I am fascinated with things, objects, stuff. They have always been central to my art practice. It is for them which I draw, paint, photograph, write, talk and live. I’ve always been interested in objects and in particular, our relationship to them relative to our relationship to everything else we touch in our lives.
So when I came across this exhibition at the Nuneaton Art Gallery and Museum, and a panel discussion with the exhibiting artists, I knew it would interest me.
In addition, I happened to know the two artists, as they are both lecturers at University of Wolverhampton where I am doing my MA by Research, so that was another very good reason for me to attend.
Object Relations is essentially an exhibition of things and the connection those things have with their environment, including us. It is an exhibition of things as seen through paint and photography on one level, and through the eyes of two very different minds on another.
Knowing the artists meant also that I had some insight into the their personalities before I went to the discussion and exhibition. One is a painter, the other a photographer. One has a more organic, instinctive practice. The other is very methodical, almost scientific in his approach. One is messy (in a good, creative way). The other isn’t (in a good, creative way). This fact alone is interesting when viewing the work on display.
I learnt from the panel discussion that before either of the artists had any thoughts of an exhibition, independent of each other, they decided to study objects. Neither of them had an end in sight. They just had an interest and went with the flow: Christian Mieves, through paint, and Euripides Altintzoglou, through photography. They were both experimenting, with no end intention. They were both looking into how random objects relate to their environment, how they themselves relate to objects and how the indexical relationship between the artist then the object then the viewer could be ruptured in some way, either partly or fully. They wanted to depict these objects through their chosen media.
In his studio, Mieves created several very large paintings of many and few random objects in the studio space. He painted with freedom and without much prior thought or decision making. He just painted. He didn’t follow what he saw strictly, in terms of form or colour, he just reacted.
Altinzoglou, meanwhile, started taking photographs of random objects. He took photos allowing the camera to make errors. He was interested in the effect this would create. He just wanted to see what would happen.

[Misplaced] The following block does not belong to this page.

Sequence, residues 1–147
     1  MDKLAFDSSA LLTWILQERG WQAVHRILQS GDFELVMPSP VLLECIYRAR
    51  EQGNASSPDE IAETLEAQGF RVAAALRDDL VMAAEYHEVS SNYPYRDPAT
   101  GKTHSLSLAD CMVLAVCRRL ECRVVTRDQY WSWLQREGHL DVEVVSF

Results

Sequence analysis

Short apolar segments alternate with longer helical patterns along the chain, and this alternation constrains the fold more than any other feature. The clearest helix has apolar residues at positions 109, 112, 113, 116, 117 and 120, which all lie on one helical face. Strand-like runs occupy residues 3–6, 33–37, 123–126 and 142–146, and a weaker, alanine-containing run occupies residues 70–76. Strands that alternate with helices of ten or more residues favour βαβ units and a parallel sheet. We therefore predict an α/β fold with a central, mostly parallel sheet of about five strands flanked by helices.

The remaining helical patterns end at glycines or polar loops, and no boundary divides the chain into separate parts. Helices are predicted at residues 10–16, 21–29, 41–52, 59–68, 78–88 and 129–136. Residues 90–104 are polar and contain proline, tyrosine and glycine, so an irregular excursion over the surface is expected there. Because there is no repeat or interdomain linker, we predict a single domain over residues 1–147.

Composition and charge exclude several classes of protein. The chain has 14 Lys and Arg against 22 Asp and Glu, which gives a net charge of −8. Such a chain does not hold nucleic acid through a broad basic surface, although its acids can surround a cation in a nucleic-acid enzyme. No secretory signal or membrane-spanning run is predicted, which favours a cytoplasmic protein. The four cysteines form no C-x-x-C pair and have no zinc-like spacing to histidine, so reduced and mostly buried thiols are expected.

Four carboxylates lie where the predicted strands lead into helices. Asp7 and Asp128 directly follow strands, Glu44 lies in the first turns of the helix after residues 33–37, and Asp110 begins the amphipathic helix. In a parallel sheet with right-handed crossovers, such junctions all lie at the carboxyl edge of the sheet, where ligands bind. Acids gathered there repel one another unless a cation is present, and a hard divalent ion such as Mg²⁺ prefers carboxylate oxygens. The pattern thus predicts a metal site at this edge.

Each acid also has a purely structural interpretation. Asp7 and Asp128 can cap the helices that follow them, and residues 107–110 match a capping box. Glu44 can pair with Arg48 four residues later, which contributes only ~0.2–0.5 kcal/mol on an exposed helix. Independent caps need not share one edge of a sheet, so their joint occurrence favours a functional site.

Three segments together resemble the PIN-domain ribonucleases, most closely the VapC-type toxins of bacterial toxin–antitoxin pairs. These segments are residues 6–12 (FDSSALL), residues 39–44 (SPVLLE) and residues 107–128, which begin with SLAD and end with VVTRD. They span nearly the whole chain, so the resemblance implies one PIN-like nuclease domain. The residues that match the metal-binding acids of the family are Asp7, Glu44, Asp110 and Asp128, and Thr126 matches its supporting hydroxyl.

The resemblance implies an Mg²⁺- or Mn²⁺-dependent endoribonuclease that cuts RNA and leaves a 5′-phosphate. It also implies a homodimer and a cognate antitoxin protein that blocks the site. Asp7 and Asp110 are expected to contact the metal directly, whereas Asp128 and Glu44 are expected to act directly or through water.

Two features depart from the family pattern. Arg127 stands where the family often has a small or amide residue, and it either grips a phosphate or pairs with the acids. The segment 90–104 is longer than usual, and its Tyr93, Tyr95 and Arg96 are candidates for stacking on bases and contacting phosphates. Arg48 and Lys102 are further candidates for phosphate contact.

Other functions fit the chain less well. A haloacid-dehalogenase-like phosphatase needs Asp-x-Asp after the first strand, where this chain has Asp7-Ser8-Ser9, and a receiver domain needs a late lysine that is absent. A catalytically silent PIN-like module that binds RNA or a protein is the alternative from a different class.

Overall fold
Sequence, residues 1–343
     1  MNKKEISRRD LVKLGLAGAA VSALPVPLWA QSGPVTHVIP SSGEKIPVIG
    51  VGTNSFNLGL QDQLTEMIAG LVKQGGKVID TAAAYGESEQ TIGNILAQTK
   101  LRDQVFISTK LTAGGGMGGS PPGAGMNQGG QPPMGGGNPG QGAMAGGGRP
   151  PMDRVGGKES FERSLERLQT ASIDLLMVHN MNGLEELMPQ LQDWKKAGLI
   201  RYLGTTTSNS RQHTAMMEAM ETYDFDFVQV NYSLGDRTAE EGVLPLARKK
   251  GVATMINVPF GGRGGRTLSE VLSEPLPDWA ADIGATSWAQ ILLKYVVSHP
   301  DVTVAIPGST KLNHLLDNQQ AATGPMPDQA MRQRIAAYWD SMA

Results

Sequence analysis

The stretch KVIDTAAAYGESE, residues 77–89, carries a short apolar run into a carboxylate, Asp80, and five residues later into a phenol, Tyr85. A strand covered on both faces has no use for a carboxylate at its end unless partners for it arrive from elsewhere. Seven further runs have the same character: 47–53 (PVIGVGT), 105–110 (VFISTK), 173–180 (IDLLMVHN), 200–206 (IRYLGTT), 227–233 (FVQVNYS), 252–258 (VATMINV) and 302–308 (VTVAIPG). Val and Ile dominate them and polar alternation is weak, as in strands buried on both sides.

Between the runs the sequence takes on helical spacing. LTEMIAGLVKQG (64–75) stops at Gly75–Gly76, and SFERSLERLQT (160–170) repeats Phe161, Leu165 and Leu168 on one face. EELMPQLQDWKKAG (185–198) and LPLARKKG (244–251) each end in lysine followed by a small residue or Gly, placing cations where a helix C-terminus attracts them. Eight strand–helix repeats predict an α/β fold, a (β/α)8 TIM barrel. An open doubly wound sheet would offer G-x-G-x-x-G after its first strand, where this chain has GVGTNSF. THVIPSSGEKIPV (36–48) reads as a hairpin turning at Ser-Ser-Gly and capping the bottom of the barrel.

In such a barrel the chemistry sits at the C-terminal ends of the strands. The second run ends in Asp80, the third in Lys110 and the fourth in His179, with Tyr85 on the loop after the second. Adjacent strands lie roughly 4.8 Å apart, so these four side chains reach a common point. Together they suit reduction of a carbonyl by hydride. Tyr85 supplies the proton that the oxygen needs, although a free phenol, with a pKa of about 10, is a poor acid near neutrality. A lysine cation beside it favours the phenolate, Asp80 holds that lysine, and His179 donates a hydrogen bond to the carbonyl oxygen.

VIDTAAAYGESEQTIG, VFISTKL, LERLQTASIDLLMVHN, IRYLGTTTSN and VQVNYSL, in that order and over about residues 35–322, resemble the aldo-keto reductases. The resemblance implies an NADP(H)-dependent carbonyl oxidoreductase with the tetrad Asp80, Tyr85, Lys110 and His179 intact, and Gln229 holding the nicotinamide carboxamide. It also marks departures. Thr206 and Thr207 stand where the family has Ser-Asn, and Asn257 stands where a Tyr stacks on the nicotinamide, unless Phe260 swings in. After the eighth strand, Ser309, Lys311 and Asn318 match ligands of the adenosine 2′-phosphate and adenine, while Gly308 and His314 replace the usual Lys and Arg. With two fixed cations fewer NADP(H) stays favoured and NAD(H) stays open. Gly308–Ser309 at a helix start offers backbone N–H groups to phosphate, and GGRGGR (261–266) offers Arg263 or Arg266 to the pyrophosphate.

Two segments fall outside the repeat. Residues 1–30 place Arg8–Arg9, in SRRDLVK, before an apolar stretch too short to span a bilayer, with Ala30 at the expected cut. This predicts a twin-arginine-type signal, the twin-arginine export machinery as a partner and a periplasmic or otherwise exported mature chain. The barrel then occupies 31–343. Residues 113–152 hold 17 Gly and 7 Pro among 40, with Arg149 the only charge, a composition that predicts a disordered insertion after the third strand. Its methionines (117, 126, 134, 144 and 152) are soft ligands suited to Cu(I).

They both hoped to take something simple, complicate it, and simplify it again. They both wanted to consider themselves, the material, the effect.
Not having known about this exhibition until recently, I wondered how they had come to unite for this exhibition and how they had found a common ground knowing how different they appear from each other. Yet, it is clear from looking at the pieces on display that the two bodies of work have a clear bond: things. They might at first appear very different: variously-sized paintings, same-sized photographs; textured surface, sheen surface; many colours, few colours; painting, photography. In fact, the contrasts are just superficial. The uniting factor, objects in their environment, is extremely strong.
I learnt that they came together, by chance, and realised they were doing the same thing. The result: a series of painted objects in their environment on canvas as colours, light, background blended together and a series of square light boxes showing photographs of objects as colour, form, shape and mysticism. I have deliberately not included photographs here. One of the significant points about these pieces is that they work so well because of the physicality and, in some ways, the agency, of the material when seen in person. That can not be translated online.
As I sat and listened to the panel discussion I spotted a number of really interesting ironies or contradictions about the artists’ practices, responses to their artworks and the artworks themselves.
Aim: freedom / lack of planning or pre-thought.
Result: a fascinating intellectual context (object-ground relations, phenomenological starting point-ontological result, defiguration of the figurative into something partially abstract, temporality of the placement of objects in space, medium-specificity of paint and photography to name a few of the themes).
Aim: a private experiment, not intended for the viewing public.
Result: framed images in an exhibition.
Aim: to examine recognisable objects.
Result: a blurring, blending, abstractional study of colour, shape, form, light.
Aim: messy practice, experimental.
Result: order and beauty.
Aim: a simple process, a letting go of all the chaos and complication of much contemporary art thinking.
Result: busyness, movement, mess, depth, chaos (and to some extent, this contradicts the above contradiction).
The chair of the panel discussion, Andrew Bracey, who is also an artist, came up with an interesting metaphor to describe the process that both artists had used and the contents of their heads: a compost heap. A compost heap contains all of our waste, it breaks down that waste and turns it into something fertile. It is about a loss of control, an organic process, a liberating process and a reactionary process. The artwork in this exhibition, and the thinking behind the artworks, is just that.
I like that idea. I like the idea of having a compost heap of thoughts in my head, and what I have learnt from this discussion and the exhibition is perhaps I just need to let my ideas and thoughts ferment and react, and they will then create something new and interesting, and with depth that can be found rather than before the process, after the process.
I think I will try that.